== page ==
With Autumn comes harvesting. With harvesting comes trips to the orchards. What is it about orchards that is so appealing?
What is it about grabbing family, friends, or both, and heading out to the Pick Your Own apple orchard? There’s something so nostalgic about this event for me. Growing up in Southern Ontario, we had access to amazing farmland and orchards. For a time, once a year, on a Saturday afternoon, a whole whack of our family and friends would fill up the various cars and vans and head out to the apple orchards near Kingsville, Ontario.
The younger ones would run directly over to the hay bale maze or the petting zoo (okay, us older kids did too!) while the parents (minus a few adults to supervise the kids to make sure they weren’t tormenting the goats and donkeys) wandered over to the rows upon rows of apples, all the varieties imaginable at that time.
Baskets were filled, and if they got too heavy, you just had to wait for a truck pulling a flatbed to pass by, that you could jump on to and catch a ride back to the main barn. Ooh- that barn! Filled with all sorts of goodies: hot apple cider, candied apples, apple fritters, freshly baked pies, bags of apples (if you really didn’t feel like reaching up and picking your own), cornbread… I could just hang out in the barn!
The day always ended with everyone streaming to one of our homes or farms, and having a bon fire. And the guys all cooked. It was the men who would each try to outdo each other with their ‘Mine’s the Hottest Chilli Ever’ contest. A few of us may have had tears welling up from the crazy amounts of cayenne and dried chillies, but it was so worth it. We’d each grab a bowl and head out to the bon fire, crackling away. Bliss. The best time with friends etched in my mind forever.
The next weekend it was the girls’ turn. We’d all converge in a few kitchens and bake. It was the best assembly line work imaginable. The ones who loved making crusts got to work on the counter, making batches and batches of dough. The rest were relegated to apple peeling and slicing. Then we’d put the pies together, some with lattices, some with rounds of pastry on top, and others with streusel toppings. Ovens were working overtime. But by the end of that day, everyone went home with a backseat full of pies ready for the freezer (and one to eat right away).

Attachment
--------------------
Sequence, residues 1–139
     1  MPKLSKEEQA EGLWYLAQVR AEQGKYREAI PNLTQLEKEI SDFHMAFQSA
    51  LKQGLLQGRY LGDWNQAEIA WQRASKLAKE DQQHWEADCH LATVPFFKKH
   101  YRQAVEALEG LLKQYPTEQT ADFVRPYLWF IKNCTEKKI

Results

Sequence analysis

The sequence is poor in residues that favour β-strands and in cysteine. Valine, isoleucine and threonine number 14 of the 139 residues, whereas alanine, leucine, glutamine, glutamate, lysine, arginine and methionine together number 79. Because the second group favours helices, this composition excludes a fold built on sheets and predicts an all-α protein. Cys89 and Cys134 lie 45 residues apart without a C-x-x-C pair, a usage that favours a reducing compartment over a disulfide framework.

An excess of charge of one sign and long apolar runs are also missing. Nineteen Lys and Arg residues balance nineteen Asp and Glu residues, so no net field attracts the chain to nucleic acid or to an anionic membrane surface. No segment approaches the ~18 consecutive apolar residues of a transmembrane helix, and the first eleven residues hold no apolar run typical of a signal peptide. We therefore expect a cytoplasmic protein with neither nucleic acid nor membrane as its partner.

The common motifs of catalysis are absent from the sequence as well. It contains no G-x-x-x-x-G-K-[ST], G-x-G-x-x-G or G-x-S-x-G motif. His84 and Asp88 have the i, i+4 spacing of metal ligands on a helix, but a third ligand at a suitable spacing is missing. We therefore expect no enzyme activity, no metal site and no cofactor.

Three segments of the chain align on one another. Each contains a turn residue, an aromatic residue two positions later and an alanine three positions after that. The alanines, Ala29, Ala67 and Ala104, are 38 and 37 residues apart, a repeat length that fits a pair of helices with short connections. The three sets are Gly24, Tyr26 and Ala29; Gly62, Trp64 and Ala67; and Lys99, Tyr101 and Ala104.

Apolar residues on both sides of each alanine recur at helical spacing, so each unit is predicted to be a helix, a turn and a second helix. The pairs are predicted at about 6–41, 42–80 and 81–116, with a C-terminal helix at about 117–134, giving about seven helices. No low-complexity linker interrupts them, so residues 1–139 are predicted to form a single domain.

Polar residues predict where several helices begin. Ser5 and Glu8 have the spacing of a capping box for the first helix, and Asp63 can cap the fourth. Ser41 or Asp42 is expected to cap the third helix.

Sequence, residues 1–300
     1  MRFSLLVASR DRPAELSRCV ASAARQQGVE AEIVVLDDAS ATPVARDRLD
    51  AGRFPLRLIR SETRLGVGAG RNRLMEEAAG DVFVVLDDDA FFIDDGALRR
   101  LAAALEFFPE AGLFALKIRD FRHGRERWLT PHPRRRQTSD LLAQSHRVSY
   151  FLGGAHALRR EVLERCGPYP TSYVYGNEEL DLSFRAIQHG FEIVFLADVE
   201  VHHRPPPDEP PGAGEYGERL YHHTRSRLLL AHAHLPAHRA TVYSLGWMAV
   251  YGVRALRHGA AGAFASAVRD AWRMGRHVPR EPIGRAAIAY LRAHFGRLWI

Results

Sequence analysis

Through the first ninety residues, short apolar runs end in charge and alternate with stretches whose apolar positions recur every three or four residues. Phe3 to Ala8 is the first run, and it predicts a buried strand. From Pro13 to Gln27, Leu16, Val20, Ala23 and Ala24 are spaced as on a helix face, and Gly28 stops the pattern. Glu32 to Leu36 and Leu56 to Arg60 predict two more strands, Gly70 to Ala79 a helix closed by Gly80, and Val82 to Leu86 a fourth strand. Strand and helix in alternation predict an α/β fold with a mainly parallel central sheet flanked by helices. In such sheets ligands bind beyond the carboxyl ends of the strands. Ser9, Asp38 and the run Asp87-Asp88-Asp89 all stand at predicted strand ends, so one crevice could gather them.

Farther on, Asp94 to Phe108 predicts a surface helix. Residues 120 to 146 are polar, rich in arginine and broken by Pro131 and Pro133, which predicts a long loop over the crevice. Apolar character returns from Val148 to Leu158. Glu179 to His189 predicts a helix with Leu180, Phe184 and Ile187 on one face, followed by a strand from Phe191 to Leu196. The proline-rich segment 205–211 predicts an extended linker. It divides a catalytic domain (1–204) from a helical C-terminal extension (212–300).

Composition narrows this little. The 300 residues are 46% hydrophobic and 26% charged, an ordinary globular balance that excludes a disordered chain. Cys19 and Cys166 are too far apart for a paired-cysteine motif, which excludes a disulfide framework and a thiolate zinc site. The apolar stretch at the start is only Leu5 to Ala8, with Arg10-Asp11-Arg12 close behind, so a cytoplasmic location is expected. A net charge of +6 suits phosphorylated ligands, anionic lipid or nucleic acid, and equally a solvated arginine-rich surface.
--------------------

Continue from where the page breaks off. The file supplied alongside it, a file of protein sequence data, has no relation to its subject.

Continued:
Apple pie is glorious. So is pumpkin pie. There is something so earthy, and slightly savoury about a pumpkin pie. But this year, I had to try something new. I had cooked off some apple butter, and realized how thick it really was once cooled. Could this not be a substitute for pumpkin puree? An apple pie in the shape of a pumpkin pie? Was this going against all that was right? I went to my trusty Pinterest, and found out that I alas, wasn’t the first to think radically. I compared various recipes, gleaning input as I went along. In the end, I decided to pull out my old pumpkin pie recipe and play with it. And this is the result. A silky, velvety apple custard pie. All the spices you expect, but in the smoothest texture. Have a piece. Remember, an apple a day keeps the doctor away.
This recipe will vary depending on the apple butter you are using. I like my butter very thick and rich, dark and spicy. So I make my own, here. But if you chose to purchase your apple butter, you may need to adjust the spices and stabilizing cornstarch in the recipe. If you have ever made a pumpkin pie, you know the texture of the filling you are looking for. If not, you don’t want the filling too thin. It should still pourable, but not runny at all.
I’ve played with it and I think even improved it. By adding a touch of spice. There’s pink peppercorns ground in the batter, and the finished pie is sprinkled with Maldon Sea Salt. The perfect contrast to the velvety richness of the filling. Enjoy!
APPLE BUTTER CUSTARD PIE
- Pastry for a 9" pie can use my recipe (see Pantry)
- 1 cup apple butter (see my apple butter recipe post)
- 1/2 cup sugar
- 3 eggs
- 1.5-2 tbsp of cornstarch (see note below)
- 1 1/2 tsp cinnamon
- 1/4 tsp ground ginger
- pinch of salt
- pinch of nutmeg
- 5 shakes of angostura bitters
- 1/8 tsp crushed pink peppercorns
- 1 cup whipping cream
- Maldon Salt for garnish
Prepare your pastry shell. Crimp as desired. Freeze till for 20 minutes, and filling is completed.
Preheat the oven to 375 F.
Take all of the filling ingredients (except the cream) and mix in a bowl, until well blended. Add cream last and blend well.
Remove pie shell from the freezer. Brush the edge with an egg wash (one egg beaten with a tsp of water) Sprinkle edge with turbinado sugar. Pour the filling into the shell.
Bake in centre of oven, on a baking sheet, for 45-50 minutes, rotating 180 degrees as the edges start to set, at around 30-35 minutes.
Bake until the centre still jiggles very slightly, but the outside edges are completely set.
Set onto a cooling rack. Sprinkle with 1 to 2 tsp Maldon salt.
Cool on a rack until completely cooled.
Serve at room temperature.
The flavour and consistency of this pie will change depending on the apple butter you use. My butter is pretty thick and highly flavoured. So really, the spices you are adding to the pie are to flavour the custard portion. I like my butter thick, so I only need 1 1/2 tbsp cornstarch. If you are using a store bought butter, the filling may be a tad thinner. In this case I would add an 1/2 tbsp cornstarch or so. Bottom line, if you have made a pumpkin pie before, you know the consistency you usually get. Aim for the same with this filling.
If you have too much filling for your pie crust, take remainder and put into a ramekin or two and bake off. A lovely little custard!